One of the problems of capitalism (at least I see it as a problem) is that its only fiduciary duty is to the shareholders. In other words, its business practices have to have the prime purpose of maximizing the returns to its investors, consistent with the existing laws. This makes sense, in a narrow way. After all, the shareholders are the ones who provide the money and in any large public company, they will constitute a varied group that has diverse interests. The only thing that they can be guaranteed to have in common is the desire for a good return on their investments.
But this leaves the issue of ethics in a twilight zone. Does the company have an obligation to maximize profits at all costs? What if it means squeezing workers with low wages and awful conditions? What if it means polluting the environment? What if it means shutting down a production facility in one town and moving it to another town or state or even country, devastating the economy of the community that was abandoned?
At present, the main requirement is that a company comply with existing laws. But there is no uniformity in the regulatory structures across the globe or even within countries and that can lead to a race to the bottom as companies seek communities that have the least regulations while countries compete to provide low-cost workers. This leads to the kinds of abuses as seen in the case with the company Foxconn in China, supplier of electronics products to companies like Apple.
This narrow focus on maximizing profits leaves very little room for corporations to act ethically if such ethical behavior increases the cost of doing business. Even if the company’s president and board would like the company’s actions to benefit the workers, community, and the environment, if those actions cannot be shown to benefit the company in tangible and intangible ways or are not required by law, they run the risk of violating their fiduciary responsibilities and could be sued by shareholders.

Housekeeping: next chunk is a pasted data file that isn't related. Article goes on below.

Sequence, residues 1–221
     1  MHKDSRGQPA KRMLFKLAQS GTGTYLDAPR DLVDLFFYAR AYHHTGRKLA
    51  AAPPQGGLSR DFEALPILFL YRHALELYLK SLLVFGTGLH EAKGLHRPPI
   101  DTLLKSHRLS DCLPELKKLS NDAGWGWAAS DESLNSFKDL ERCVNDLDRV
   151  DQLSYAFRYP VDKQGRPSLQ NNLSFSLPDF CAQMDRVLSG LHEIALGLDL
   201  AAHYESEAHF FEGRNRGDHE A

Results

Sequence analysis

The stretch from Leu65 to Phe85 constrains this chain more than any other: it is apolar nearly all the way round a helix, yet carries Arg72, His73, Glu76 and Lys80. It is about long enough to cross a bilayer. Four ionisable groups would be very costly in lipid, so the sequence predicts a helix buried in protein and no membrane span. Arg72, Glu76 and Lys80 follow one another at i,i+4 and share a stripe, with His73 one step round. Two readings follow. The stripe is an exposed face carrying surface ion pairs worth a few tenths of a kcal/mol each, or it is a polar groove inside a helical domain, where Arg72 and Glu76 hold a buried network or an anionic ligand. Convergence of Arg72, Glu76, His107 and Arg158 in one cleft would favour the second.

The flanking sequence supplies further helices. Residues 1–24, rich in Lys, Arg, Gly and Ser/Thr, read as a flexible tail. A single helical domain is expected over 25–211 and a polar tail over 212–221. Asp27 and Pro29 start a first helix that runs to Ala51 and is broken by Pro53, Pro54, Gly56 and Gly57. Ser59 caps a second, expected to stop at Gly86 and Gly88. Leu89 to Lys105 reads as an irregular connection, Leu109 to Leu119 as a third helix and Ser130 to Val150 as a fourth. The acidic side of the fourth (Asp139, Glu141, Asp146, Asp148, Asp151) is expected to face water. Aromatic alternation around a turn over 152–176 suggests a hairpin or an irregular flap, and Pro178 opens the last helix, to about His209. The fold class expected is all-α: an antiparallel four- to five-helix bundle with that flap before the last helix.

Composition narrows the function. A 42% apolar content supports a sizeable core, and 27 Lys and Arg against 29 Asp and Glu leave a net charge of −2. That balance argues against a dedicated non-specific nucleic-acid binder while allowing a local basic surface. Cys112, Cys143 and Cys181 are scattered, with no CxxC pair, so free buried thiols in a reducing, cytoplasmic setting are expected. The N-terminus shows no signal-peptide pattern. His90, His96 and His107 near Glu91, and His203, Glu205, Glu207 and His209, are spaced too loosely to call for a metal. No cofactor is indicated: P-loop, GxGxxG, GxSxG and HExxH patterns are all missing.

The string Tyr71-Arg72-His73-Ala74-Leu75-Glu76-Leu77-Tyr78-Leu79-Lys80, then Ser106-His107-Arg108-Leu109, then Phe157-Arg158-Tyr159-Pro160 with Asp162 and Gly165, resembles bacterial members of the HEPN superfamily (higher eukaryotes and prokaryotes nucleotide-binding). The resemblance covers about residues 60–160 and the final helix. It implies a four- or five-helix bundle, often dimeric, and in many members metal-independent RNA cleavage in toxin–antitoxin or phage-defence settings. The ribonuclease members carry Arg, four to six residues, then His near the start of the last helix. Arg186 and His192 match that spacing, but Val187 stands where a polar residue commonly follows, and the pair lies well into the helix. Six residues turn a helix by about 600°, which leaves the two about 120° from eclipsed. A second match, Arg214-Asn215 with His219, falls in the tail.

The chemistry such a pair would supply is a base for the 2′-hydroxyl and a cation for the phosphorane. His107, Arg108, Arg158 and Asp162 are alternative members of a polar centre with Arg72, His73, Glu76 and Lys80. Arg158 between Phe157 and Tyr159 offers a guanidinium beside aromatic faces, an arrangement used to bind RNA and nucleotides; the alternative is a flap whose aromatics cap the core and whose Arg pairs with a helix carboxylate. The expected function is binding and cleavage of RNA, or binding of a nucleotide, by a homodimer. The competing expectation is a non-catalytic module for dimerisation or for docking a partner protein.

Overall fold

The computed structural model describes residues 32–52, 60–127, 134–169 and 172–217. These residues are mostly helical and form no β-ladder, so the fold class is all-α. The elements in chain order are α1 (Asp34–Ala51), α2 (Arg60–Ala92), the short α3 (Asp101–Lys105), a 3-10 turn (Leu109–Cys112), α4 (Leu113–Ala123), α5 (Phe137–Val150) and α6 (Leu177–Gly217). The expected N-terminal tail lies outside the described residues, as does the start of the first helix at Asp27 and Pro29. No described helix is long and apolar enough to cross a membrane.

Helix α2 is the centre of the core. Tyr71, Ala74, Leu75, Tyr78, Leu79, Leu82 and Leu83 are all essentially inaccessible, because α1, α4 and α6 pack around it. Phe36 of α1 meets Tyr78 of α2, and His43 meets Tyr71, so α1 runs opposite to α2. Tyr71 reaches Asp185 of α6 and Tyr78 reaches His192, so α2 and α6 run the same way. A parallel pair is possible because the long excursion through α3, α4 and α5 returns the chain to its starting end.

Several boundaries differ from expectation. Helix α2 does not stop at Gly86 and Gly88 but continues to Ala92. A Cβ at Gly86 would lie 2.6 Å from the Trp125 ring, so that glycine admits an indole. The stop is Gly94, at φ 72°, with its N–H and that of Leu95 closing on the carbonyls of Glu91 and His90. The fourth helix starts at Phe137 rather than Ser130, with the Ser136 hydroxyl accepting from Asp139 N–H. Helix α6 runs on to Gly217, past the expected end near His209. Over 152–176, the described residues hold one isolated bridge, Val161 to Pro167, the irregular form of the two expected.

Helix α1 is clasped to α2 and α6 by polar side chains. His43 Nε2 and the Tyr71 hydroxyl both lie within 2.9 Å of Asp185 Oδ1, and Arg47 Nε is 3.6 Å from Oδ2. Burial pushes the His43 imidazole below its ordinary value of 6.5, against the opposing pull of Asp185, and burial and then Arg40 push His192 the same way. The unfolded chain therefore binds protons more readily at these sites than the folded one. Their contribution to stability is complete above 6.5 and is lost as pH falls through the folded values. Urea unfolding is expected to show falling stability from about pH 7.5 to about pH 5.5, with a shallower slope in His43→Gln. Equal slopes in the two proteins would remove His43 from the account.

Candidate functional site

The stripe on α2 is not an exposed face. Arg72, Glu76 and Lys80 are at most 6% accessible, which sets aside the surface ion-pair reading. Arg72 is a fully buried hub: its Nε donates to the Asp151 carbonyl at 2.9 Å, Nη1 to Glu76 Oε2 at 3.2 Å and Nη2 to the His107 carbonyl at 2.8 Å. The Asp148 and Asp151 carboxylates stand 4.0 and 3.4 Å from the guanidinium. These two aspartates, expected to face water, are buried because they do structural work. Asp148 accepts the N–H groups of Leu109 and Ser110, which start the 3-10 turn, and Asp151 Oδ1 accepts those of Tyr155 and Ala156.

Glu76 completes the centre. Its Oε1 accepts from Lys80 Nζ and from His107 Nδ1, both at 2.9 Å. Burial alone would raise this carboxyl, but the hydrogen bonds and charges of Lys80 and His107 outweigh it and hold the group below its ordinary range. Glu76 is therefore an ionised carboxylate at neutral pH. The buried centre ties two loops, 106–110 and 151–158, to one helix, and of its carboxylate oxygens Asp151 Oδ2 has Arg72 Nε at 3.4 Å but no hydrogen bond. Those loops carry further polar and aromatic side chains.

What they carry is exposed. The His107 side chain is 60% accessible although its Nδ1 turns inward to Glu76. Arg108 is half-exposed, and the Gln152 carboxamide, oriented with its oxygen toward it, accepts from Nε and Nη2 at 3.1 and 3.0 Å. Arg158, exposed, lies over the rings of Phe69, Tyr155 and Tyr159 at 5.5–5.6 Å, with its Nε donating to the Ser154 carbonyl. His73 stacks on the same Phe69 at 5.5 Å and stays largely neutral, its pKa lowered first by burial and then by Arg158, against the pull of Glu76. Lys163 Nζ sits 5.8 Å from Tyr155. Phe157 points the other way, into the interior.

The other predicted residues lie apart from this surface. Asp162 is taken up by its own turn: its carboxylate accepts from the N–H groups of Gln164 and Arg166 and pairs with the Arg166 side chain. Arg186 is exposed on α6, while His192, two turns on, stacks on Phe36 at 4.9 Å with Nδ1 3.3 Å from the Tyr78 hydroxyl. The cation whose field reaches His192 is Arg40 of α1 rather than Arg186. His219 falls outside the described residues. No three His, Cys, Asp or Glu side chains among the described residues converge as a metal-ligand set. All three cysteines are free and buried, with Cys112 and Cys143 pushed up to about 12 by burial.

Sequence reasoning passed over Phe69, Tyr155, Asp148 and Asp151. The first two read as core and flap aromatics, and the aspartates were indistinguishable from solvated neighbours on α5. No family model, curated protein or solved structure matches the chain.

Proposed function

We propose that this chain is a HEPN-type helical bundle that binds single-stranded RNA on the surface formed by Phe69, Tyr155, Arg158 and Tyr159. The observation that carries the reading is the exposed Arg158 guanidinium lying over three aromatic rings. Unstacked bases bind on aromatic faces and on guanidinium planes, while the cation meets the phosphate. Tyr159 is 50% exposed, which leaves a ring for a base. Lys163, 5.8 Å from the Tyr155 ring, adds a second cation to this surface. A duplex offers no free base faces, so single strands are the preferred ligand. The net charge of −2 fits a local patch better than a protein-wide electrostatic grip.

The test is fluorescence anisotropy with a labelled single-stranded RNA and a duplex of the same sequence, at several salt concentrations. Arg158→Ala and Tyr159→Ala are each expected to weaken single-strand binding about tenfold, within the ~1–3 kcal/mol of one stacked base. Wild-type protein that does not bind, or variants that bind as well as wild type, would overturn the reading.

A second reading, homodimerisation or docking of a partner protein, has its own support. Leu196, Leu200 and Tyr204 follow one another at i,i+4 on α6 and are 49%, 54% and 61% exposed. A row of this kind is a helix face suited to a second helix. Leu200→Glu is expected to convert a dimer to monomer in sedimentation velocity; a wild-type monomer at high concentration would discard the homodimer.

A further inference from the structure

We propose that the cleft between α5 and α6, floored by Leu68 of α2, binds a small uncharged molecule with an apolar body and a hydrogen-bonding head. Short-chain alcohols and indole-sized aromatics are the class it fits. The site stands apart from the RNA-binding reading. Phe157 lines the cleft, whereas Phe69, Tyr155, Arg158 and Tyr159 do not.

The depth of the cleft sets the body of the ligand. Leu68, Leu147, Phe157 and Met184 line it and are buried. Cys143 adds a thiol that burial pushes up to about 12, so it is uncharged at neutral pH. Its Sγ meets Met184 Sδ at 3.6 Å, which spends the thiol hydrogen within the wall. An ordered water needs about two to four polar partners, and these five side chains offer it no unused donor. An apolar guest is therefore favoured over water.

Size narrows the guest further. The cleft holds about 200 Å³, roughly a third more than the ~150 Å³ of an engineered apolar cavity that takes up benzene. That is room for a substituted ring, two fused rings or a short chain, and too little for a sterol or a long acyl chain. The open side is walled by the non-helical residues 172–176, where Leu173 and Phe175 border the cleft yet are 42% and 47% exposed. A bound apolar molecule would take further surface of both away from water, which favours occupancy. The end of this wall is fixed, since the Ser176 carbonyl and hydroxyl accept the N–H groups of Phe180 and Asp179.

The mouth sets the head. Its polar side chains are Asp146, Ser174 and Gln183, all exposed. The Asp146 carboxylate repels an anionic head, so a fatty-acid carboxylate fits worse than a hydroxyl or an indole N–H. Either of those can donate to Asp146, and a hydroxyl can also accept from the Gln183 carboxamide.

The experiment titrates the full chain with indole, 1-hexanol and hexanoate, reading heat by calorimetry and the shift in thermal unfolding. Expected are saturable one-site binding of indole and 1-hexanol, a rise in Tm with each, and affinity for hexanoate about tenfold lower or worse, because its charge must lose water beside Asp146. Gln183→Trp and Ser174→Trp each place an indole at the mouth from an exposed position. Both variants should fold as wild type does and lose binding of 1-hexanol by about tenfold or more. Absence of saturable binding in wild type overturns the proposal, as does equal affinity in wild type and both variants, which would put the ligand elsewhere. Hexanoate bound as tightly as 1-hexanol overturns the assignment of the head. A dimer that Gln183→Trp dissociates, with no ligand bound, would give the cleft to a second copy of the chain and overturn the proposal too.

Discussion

As Jamie Raskin writes:
When America began, the states chartered corporations for public purposes, like building bridges. They could earn profits, but their legitimacy flowed from their delegated mission.
Today, corporations are chartered without any public purposes at all. They are legally bound to pursue a single private purpose: profit maximization. Thus, far from advancing the common good, many for-profit corporations have come to defy the law, corrupt the officials charged with enforcing it and inflict harm on the public with impunity. The consequences are visible in the wreckage left by BP, Massey Energy, Enron, AIG, Lehman Brothers, Blackwater and Exxon Mobil, to name a few recent wrongdoers. Profits rule; anything goes.
This is why complaints that governments are crushing the private sector by over-regulating them, and that if left to themselves they would be better able to do the right thing, ring hollow. Governments must impose requirements on business entities to do the right thing.
Hence I was interested in the idea of the ‘benefit corporation’, a relatively new form of legal entity that allows companies to give social and environmental goals equal weight with making profits.
California has passed a law enabling the creation of such entities becoming the seventh state to do so, following Vermont and Maryland in 2010, and New York, New Jersey, Virginia and Hawaii in 2011. About 100 companies have so far become benefit corporations, most of them privately held. The outdoor clothing company Patagonia is one of dozen companies that have chosen to do so in California as a result of the new law there.
Raskin explains why this gives companies greater freedom.
The new laws permit companies to join the profit motive with the purpose of making a “positive impact on society and the environment.” In their articles of incorporation, Benefit Corporations declare their public missions—things like bringing a local river back to life, providing affordable housing, facilitating animal adoptions or promoting adult literacy.
But why would public-spirited corporations embrace these exacting duties when they can simply roam free and do a little bit of altruistic good on the side? For one thing, Benefit Corporations can’t be held liable by courts for failing to place profits over everything else. This is an important shift in law. The fear of shareholder litigation has driven many public-spirited businesses, most famously Ben & Jerry’s, to take the high bid rather than the high road in a corporate takeover fight.
I am not of the business world and thus don’t know what the downsides of benefit corporations are or whether this model can be scaled up to larger and more companies. Clearly it will result in lower profits and thus lower returns to shareholders. Its success would require the existence of large numbers of shareholders who want their money to do good for others as well as for them.